Extremely Loud & Incredibly Dull

I know. The Academy Awards self-fellating fest in celebration of mediocre schlock announced 2011’s nominees and not a peep from me despite my morbid fascination with the whole unsightly process. I would have blogged sooner, but the token selection of films put me into a coma. Again.

The Academy itself was so uninspired by last year’s crop, they could only come up with nine nominees. And this after only a couple of goes at their new wishful-thinking ten-nominee policy. As if ten worthwhile mainstream movies come out in any given year. Or nine. Oh, there are plenty of great films to be had, don’t get me wrong. But you have to hunt for them and (gasp!) read subtitles. And we all know that no number of awards and accolades are going to help some subtitled foreign film with its crazy mumbo-jumbo foreign language rake in more cash at the American box office. So why bother?

The choices seem to break down into a few handy categories: schmaltzy tear-jerkers (Extremely Loud & Incredibly Close, Warhorse), token nominations for legendary directors past their prime (Hugo, The Tree of Life, Midnight in Paris, Warhorse again), and genuinely good films that in a better year would never be more than a dark (war)horse contender-slash-also-ran (The Descendants, The Artist, Moneyball).

Which leaves The Help. This year’s Driving Miss Daisy, only much more insulting to everybody’s intelligence. What the hell is this doing on the list, even in such a lame year? All I’ve heard across the board is what an irritating piece of sanctimonious crap it is. And not just from my film-snob buddies, but from ordinary people who like junk cinema like this. The most glowing review I’ve heard of it so far was, to quote as directly and faithfully as I can, “meh.”

Yes, I’m condemning it without seeing it. I saw the trailer. It told me everything I need to know. Sitting through two and a half hours of paint-by-numbers Hollywood filmmaking is probably not the best use of my time and I’ve decided I’ve done far too much of it over the years. I’m trying to break myself of the compulsion to know first-hand what people are talking about when they chat about movies, but the fact is, in 99.999% of cases, I already know. If I’ve seen the trailer, or the TV ad, or the poster, or the late-night talk-show interview, I can extrapolate everything from that alone. You get that way when you watch thousands of movies. If, against my better judgment, I go see one of these things, the post-screening conversation usually plays out something like this:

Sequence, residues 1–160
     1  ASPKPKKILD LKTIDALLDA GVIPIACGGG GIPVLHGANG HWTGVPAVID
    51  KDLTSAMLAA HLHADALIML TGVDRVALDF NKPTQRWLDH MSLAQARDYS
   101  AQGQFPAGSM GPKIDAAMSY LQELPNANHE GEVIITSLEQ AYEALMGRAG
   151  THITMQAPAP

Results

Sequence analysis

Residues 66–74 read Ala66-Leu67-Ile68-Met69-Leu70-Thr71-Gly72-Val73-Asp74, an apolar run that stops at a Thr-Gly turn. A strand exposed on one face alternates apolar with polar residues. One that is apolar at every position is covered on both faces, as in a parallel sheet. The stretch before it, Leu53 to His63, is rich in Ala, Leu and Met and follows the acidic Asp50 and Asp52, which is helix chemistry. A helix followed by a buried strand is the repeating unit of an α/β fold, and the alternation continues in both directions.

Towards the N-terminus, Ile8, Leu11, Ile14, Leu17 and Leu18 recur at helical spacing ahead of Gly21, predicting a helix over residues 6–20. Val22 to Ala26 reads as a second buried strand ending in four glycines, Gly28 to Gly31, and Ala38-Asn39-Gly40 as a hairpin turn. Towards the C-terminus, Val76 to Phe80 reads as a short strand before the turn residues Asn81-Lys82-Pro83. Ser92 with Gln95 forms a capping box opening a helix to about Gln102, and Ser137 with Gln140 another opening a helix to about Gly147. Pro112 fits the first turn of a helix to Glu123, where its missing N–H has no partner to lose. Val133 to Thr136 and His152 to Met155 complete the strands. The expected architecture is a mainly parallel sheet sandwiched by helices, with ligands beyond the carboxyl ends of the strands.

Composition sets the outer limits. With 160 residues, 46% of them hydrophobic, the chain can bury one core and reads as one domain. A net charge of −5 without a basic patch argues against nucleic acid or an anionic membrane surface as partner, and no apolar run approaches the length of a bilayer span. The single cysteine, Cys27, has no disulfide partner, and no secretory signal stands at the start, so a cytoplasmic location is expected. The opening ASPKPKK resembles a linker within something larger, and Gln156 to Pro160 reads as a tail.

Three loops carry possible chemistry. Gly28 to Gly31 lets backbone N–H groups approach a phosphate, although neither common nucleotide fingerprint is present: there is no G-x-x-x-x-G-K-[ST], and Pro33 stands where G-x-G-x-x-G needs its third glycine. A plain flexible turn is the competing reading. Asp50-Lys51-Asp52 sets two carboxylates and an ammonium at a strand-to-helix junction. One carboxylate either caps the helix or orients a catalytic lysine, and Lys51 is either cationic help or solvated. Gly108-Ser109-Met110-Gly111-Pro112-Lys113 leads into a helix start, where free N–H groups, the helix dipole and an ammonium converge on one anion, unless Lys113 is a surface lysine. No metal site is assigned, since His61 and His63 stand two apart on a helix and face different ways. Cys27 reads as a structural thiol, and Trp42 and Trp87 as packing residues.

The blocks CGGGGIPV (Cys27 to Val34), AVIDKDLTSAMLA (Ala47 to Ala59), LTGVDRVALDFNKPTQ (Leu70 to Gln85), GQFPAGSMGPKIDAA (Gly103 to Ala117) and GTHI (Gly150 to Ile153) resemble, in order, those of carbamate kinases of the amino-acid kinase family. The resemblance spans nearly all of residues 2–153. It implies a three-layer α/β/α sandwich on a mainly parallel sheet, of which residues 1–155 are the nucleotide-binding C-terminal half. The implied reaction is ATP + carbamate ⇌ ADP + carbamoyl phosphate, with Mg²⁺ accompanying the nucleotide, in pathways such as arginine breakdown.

Someone: “What did you think?”

Me: “I think it was exactly what I thought it was going to be.”

This isn’t because I’m clever. It’s because I’m stupid. Stupid enough to have spent a lifetime sitting through so much disposable cinema.

For the record, here’s a short list of just some of the recent releases I saw for the first time in 2011:

My Kid Could Paint That, Anything for Her, Antichrist, Enthiran, Exit Through the Gift Shop, Winter’s Bone, Inside Job, I Saw the Devil, Catfish, Dogtooth, Frozen River, Baghead, Trollhunter, A Town Called Panic, Merantau, Hanna, Red State, Attack the Block, The Last Circus, Rare Exports, Tinker Tailor Soldier Spy.

They all have one thing in common. On some level, they each had surprises in store for me (especially Red State because I thought I would never like any Kevin Smith work that didn’t contain the word “Clerks” in the title). A few of them got token nominations or awards from Mr. Oscar, most didn’t. It’s not a list of the best film of 2011 (or whatever year they were officially released), but they were all genuinely worth my time and, in many cases, a repeat viewing.

If you’re one of the people who lets the Golden Globes and the Academy Awards pick which movies you should see, I only have one thing to say to you. Dig deeper.